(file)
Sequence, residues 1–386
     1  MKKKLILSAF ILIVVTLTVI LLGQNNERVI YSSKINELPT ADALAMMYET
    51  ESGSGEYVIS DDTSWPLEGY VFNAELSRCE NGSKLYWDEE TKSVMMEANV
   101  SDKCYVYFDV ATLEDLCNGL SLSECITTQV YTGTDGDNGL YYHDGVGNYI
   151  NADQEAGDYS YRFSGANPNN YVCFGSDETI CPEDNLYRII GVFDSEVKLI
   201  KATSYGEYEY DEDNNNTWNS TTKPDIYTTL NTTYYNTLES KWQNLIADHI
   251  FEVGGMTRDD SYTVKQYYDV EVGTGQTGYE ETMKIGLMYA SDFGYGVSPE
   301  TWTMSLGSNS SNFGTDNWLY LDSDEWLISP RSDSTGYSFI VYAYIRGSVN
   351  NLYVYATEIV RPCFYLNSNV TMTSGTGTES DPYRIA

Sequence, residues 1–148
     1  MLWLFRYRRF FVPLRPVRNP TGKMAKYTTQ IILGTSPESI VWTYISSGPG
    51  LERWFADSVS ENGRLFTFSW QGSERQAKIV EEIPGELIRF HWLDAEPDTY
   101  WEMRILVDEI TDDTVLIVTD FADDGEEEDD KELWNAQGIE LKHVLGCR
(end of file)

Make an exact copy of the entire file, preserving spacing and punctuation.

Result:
Sequence, residues 1–386
     1  MKKKLILSAF ILIVVTLTVI LLGQNNERVI YSSKINELPT ADALAMMYET
    51  ESGSGEYVIS DDTSWPLEGY VFNAELSRCE NGSKLYWDEE TKSVMMEANV
   101  SDKCYVYFDV ATLEDLCNGL SLSECITTQV YTGTDGDNGL YYHDGVGNYI
   151  NADQEAGDYS YRFSGANPNN YVCFGSDETI CPEDNLYRII GVFDSEVKLI
   201  KATSYGEYEY DEDNNNTWNS TTKPDIYTTL NTTYYNTLES KWQNLIADHI
   251  FEVGGMTRDD SYTVKQYYDV EVGTGQTGYE ETMKIGLMYA SDFGYGVSPE
   301  TWTMSLGSNS SNFGTDNWLY LDSDEWLISP RSDSTGYSFI VYAYIRGSVN
   351  NLYVYATEIV RPCFYLNSNV TMTSGTGTES DPYRIA

Sequence, residues 1–148
     1  MLWLFRYRRF FVPLRPVRNP TGKMAKYTTQ IILGTSPESI VWTYISSGPG
    51  LERWFADSVS ENGRLFTFSW QGSERQAKIV EEIPGELIRF HWLDAEPDTY
   101  WEMRILVDEI TDDTVLIVTD FADDGEEEDD KELWNAQGIE LKHVLGCR